Ball watch company also had some of their watches with factory cases.
American Waltham same thing.
I am not saying that these manufactures made these watch cases, but they were cased by the factory and then sent out.
 

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Discussion Starter · #7 ·
American made pocket watches came cased both ways depending on the model and who made them. It does not matter who cased the watch the chances of a hunting case movement being put into an open face case does not make sense.
I've seen enough contemporary mentions of them (even in ad copy) to think that people did sometimes buy them deliberately for whatever reason, even originally from the factory. For what it's worth (and bear in mind that, being a country boy a century later, I wear the watch in the watch pocket of my jeans with a wallet chain clipped to my belt, not in a waistcoat with a fob and button-hole stay) I like the ergonomics of a sidewinder. I pull it out by the chain and then grip it between my fingers by the stem cover. Thus I do not have to push the chain out of the way or have it drape across the back of my hand, as with a standard watch. If I were unaccountably back then, in the 1910's, ordering a watch at a jeweler, and I was a high roller with five or ten or twenty dollars to my name, I think I would order a sidewinder with a display back. I do not know how they would look at me but who knows.

But I think all the arguments together do point to this particular casing being a much later piece of butcher work, perhaps done within my lifetime.

It's funny though that you mention Bunn Special... the leverset Illinois I mention above, which I acquired since making the original post, is a Bunn Special in running condition, though its case is unusable. I suppose I could turn quite a profit if I managed to service it, put a fresh dial and hands on it and put it in a gold case. If. I still have no idea how one finds a case that fits a particular thickness of watch.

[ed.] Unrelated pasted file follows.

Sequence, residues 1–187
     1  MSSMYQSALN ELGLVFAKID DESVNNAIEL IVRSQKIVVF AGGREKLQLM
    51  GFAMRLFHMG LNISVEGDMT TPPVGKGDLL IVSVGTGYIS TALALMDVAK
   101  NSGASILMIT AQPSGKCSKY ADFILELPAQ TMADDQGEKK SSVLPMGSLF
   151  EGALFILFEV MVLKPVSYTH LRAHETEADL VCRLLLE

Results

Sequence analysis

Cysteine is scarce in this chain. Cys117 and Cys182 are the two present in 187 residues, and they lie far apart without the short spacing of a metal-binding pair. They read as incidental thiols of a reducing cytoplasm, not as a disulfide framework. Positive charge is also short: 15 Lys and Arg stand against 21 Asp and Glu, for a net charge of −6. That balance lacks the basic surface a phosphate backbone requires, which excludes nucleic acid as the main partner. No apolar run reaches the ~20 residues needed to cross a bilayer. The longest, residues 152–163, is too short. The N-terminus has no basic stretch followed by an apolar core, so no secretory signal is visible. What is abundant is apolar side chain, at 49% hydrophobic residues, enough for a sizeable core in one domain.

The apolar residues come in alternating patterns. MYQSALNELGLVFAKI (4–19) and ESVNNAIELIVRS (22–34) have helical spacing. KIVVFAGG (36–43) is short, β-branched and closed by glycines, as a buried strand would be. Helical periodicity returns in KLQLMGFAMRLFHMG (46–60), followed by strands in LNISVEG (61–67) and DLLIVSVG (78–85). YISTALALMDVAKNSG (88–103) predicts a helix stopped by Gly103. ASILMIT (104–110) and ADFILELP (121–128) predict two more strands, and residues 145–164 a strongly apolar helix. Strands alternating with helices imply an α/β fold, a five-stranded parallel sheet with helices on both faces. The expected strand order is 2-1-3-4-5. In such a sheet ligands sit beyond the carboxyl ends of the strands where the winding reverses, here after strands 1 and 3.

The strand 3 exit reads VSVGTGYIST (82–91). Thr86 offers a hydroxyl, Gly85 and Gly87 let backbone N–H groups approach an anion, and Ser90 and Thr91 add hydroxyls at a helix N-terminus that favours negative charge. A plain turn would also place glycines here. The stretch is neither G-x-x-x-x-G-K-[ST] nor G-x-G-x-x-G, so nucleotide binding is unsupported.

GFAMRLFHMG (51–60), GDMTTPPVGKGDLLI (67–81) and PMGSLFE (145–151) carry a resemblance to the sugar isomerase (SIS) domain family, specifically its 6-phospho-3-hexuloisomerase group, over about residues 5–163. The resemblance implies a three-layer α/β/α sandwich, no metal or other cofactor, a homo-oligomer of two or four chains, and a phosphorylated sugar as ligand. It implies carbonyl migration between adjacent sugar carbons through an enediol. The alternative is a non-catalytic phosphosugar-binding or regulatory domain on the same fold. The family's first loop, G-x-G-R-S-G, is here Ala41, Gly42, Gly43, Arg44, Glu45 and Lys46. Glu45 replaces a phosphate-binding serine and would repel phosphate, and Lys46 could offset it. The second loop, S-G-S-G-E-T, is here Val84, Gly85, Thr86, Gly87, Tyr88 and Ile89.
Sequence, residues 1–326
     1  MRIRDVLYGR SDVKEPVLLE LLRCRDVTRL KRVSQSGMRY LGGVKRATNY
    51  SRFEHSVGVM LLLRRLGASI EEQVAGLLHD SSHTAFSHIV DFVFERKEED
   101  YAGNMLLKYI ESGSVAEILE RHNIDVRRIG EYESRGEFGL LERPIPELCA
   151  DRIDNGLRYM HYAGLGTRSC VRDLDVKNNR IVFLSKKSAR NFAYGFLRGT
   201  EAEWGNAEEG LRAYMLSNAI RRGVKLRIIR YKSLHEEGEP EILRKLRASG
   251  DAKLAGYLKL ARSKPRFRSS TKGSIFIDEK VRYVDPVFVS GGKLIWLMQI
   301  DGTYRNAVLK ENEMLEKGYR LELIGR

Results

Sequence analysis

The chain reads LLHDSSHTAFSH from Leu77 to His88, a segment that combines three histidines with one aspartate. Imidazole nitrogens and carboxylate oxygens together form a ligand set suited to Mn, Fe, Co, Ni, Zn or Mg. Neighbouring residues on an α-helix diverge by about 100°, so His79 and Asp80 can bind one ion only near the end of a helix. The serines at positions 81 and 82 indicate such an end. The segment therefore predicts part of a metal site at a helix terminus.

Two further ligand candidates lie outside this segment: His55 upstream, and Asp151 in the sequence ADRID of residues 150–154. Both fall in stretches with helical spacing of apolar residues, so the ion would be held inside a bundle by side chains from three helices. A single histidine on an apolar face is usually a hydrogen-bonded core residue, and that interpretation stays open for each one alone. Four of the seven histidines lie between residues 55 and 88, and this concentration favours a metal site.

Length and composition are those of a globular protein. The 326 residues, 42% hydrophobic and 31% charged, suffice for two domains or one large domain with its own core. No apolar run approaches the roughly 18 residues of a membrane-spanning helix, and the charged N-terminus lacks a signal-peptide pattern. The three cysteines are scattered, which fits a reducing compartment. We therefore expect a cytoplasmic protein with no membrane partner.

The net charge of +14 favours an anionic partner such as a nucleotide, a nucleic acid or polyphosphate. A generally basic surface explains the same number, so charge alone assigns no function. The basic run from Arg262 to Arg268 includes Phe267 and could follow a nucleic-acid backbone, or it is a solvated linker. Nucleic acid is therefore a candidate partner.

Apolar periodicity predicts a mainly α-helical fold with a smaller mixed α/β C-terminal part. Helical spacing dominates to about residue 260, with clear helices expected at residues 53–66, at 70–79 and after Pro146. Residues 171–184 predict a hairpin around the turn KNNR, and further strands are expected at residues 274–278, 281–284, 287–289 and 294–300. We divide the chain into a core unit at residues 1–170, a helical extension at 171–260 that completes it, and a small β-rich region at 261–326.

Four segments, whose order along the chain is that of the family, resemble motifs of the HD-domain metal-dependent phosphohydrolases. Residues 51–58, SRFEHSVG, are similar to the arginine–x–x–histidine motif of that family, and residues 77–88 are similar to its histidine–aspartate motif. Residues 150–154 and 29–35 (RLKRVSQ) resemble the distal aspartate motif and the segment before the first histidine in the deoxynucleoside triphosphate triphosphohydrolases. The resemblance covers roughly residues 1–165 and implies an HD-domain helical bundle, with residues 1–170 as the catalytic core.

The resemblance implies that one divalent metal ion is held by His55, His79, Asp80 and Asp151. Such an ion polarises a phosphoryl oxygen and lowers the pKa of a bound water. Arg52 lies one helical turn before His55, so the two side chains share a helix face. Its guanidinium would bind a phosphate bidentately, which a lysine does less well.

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Discussion Starter · #10 ·
Also if you have a case with no slot for a lever set then just take a file and make one. Watch makers do it all the time.
Certainly, that would be a lesser concern to me. And honestly a lot of cases do have it, even ones that were sold with a pendant-set movement. I inherited a big non-running Atlas "turnip" 18s watch that's pendant-set (the old spring-loaded kind where you press the crown in to set) and it's cased in a very substantial leverset case, though probably with a modified crown and stem.

A winding stem that fits the square joint on the movement and a case of the proper thickness would be much more my worry.
 

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Certainly, that would be a lesser concern to me. And honestly a lot of cases do have it, even ones that were sold with a pendant-set movement. I inherited a big non-running Atlas "turnip" 18s watch that's pendant-set (the old spring-loaded kind where you press the crown in to set) and it's cased in a very substantial leverset case, though probably with a modified crown and stem.

A winding stem that fits the square joint on the movement and a case of the proper thickness would be much more my worry.
You need to show us some pics of these pocket watches you have!